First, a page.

Similar to the PERCENT function, the PERCENT_RANK function returns the rank for the value in the column specified in the window's ORDER BY clause, but expressed as a fraction between 0 an 1, calculated as (RANK - 1)/(n-1).

As the window moves down the input rows, the rank is calculated for the expression specified in the window's ORDER BY clause. If the ORDER BY clause includes multiple expressions, the second and subsequent expressions are used to break ties if the first expression has the same value in adjacent rows. NULL values are sorted before any other value (in ascending sequence).

The following example returns a result set that shows the ranking of New York employees' salaries by gender. The results are ranked in descending order using a decimal percentage, and are partitioned by gender.

SELECT DepartmentID, Surname, Salary, Sex, PERCENT_RANK( ) OVER ( PARTITION BY Sex ORDER BY Salary DESC ) AS PctRank FROM Employees WHERE State IN ( 'NY' ); |

This query returns the following results:

DepartmentID | Surname | Salary | Sex | PctRank | |
---|---|---|---|---|---|

1 | 200 | Martel | 55700.000 | M | 0.0 |

2 | 100 | Guevara | 42998.000 | M | 0.333333333 |

3 | 100 | Soo | 39075.000 | M | 0.666666667 |

4 | 400 | Ahmed | 34992.000 | M | 1.0 |

5 | 300 | Davidson | 57090.000 | F | 0.0 |

6 | 400 | Blaikie | 54900.000 | F | 0.333333333 |

7 | 100 | Whitney | 45700.000 | F | 0.666666667 |

8 | 400 | Wetherby | 35745.000 | F | 1.0 |

Since the input is partitioned by gender (Sex), PERCENT_RANK is evaluated separately for males and females.

The following example returns a list of female employees in Utah and Arizona and ranks them in descending order according to salary. Here, the PERCENT_RANK function is used to provide a cumulative total in descending order.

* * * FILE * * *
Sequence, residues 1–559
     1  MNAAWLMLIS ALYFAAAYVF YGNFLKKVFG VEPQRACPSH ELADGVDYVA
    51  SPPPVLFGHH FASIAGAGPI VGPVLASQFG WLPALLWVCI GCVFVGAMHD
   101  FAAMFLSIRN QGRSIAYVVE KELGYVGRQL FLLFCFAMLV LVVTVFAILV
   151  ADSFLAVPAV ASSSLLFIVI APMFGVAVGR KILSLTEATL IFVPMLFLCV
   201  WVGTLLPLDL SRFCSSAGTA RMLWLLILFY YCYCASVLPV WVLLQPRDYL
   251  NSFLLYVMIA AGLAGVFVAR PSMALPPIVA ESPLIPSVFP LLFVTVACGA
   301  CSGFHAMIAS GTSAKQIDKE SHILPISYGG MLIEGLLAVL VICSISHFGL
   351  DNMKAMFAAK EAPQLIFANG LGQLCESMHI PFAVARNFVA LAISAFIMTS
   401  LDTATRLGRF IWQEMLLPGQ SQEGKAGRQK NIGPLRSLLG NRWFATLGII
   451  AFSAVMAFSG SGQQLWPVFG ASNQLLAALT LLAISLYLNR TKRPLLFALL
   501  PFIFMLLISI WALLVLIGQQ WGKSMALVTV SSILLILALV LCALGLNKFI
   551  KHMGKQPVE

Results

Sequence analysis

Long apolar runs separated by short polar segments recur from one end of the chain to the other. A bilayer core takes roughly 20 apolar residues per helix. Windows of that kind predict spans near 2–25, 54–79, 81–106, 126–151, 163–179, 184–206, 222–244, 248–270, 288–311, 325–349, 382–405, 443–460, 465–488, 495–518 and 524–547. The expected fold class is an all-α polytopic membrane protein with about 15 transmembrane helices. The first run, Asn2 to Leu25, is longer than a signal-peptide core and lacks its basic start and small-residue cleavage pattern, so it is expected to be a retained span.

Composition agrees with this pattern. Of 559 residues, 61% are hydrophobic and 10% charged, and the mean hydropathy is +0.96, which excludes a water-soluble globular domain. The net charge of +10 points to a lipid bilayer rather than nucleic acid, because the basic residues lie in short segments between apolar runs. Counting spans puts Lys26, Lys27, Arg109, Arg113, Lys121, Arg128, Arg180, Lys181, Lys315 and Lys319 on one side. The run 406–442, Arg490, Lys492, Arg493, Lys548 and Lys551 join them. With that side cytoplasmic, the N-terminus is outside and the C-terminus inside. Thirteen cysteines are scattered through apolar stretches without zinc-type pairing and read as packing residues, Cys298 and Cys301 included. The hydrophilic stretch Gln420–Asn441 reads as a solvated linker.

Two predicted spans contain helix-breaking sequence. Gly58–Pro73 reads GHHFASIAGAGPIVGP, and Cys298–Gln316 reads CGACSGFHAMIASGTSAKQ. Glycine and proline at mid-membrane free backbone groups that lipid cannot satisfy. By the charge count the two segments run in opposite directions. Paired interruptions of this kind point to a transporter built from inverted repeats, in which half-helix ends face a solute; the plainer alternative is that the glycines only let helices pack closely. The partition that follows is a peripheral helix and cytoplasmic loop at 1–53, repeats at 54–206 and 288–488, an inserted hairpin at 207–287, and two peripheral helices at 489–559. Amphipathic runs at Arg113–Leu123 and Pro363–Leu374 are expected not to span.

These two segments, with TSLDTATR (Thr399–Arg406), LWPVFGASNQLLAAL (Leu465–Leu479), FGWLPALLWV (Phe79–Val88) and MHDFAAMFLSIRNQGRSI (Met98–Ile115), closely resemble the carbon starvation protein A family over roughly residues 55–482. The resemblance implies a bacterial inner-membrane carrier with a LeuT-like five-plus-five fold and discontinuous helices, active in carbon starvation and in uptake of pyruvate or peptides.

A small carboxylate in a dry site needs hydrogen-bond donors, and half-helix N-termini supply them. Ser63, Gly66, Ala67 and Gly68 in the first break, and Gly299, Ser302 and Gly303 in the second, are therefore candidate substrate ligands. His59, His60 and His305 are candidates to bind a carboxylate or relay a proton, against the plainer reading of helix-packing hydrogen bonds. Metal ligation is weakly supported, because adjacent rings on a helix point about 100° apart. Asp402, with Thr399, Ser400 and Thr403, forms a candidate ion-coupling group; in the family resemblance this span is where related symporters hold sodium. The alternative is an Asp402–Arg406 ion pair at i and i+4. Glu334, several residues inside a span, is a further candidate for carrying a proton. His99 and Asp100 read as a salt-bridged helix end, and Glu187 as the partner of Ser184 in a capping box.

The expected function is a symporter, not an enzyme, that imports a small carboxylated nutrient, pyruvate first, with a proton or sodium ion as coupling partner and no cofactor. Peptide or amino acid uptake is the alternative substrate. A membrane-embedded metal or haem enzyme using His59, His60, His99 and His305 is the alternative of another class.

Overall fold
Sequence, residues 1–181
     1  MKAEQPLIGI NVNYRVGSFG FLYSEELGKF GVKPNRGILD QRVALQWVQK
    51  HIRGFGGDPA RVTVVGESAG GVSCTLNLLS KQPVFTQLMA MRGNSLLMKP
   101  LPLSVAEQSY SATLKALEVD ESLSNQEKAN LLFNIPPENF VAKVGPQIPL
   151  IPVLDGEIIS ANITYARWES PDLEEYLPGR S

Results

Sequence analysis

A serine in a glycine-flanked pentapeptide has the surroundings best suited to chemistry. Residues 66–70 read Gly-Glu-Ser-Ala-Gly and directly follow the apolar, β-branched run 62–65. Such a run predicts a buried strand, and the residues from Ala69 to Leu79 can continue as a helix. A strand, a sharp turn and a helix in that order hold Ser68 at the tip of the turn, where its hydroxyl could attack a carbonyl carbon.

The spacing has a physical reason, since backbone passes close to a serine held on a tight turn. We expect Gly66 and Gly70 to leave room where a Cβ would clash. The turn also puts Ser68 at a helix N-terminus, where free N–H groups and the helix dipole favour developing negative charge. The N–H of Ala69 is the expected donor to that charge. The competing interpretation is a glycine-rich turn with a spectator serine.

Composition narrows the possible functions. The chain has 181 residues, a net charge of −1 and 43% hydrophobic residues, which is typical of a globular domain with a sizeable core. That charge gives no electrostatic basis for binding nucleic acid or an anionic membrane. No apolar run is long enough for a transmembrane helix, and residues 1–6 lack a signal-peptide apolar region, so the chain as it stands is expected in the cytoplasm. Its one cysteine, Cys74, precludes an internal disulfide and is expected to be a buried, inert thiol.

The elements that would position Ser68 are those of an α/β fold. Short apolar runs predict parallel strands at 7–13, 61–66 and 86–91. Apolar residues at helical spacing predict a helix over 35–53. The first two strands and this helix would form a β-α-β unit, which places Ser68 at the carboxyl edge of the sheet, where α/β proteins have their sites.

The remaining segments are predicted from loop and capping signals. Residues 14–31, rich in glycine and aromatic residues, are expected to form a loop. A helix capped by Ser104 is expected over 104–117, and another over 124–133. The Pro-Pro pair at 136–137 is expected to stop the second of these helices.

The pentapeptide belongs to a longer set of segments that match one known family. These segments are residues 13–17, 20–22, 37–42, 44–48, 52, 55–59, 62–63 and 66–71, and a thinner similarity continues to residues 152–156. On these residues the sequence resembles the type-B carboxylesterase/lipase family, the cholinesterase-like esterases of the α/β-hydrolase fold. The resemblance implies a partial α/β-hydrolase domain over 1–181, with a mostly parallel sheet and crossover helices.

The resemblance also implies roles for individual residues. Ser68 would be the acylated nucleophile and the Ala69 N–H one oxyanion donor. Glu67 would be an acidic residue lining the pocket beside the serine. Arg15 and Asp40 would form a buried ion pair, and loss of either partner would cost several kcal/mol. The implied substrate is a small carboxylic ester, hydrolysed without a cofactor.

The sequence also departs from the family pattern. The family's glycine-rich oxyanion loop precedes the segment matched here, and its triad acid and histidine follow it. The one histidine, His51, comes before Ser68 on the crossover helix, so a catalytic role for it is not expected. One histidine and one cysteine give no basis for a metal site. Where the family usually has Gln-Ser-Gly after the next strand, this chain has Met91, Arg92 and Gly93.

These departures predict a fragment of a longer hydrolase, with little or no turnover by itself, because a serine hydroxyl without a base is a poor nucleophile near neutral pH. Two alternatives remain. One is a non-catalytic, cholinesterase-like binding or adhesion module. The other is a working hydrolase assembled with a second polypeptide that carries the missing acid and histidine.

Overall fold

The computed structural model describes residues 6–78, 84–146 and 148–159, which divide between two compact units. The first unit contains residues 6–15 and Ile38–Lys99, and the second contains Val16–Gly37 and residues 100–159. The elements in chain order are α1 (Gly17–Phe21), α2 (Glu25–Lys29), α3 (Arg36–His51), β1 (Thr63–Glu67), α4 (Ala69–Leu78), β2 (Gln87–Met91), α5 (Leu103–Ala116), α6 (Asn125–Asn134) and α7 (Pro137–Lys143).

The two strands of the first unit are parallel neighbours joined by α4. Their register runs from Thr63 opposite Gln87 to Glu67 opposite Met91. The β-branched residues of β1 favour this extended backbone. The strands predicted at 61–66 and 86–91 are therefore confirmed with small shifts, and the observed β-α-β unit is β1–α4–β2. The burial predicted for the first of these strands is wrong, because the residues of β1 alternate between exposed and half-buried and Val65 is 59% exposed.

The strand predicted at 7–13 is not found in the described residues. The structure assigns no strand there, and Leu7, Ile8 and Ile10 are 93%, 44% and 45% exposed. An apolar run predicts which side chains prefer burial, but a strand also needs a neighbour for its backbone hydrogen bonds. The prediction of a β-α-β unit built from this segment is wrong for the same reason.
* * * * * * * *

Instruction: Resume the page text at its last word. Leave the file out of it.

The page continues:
SELECT Surname, Salary, PERCENT_RANK ( ) OVER ( ORDER BY Salary DESC ) "Rank" FROM Employees WHERE State IN ( 'UT', 'AZ' ) AND Sex IN ( 'F' ); |

This query returns the following results:

Surname | Salary | Rank | |
---|---|---|---|

1 | Shishov | 72995.00 | 0 |

2 | Jordan | 51432.00 | 0.25 |

3 | Hildebrand | 45829.00 | 0.5 |

4 | Bigelow | 31200.00 | 0.75 |

5 | Bertrand | 29800.00 | 1 |

You can use PERCENT_RANK to find the top or bottom percentiles in the data set. In the following example, the query returns male employees whose salary is in the top five percent of the data set.

SELECT * FROM ( SELECT Surname, Salary, PERCENT_RANK ( ) OVER ( ORDER BY Salary DESC ) "Rank" FROM Employees WHERE Sex IN ( 'M' ) ) AS DerivedTable ( Surname, Salary, Percent ) WHERE Percent < 0.05; |

This query returns the following results:

Surname | Salary | Percent | |
---|---|---|---|

1 | Scott | 96300.00 | 0 |

2 | Sheffield | 87900.00 | 0.025 |

3 | Lull | 87900.00 | 0.025 |

For more information about the syntax for the PERCENT_RANK function, see PERCENT_RANK function [Ranking].

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